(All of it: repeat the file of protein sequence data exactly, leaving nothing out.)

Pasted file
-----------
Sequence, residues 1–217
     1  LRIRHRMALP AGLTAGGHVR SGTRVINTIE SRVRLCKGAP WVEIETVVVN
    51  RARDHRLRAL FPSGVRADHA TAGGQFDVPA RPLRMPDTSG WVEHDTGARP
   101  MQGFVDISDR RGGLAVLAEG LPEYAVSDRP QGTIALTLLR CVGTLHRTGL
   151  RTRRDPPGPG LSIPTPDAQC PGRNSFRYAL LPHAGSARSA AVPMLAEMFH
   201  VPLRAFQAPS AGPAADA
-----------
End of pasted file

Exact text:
Sequence, residues 1–217
     1  LRIRHRMALP AGLTAGGHVR SGTRVINTIE SRVRLCKGAP WVEIETVVVN
    51  RARDHRLRAL FPSGVRADHA TAGGQFDVPA RPLRMPDTSG WVEHDTGARP
   101  MQGFVDISDR RGGLAVLAEG LPEYAVSDRP QGTIALTLLR CVGTLHRTGL
   151  RTRRDPPGPG LSIPTPDAQC PGRNSFRYAL LPHAGSARSA AVPMLAEMFH
   201  VPLRAFQAPS AGPAADA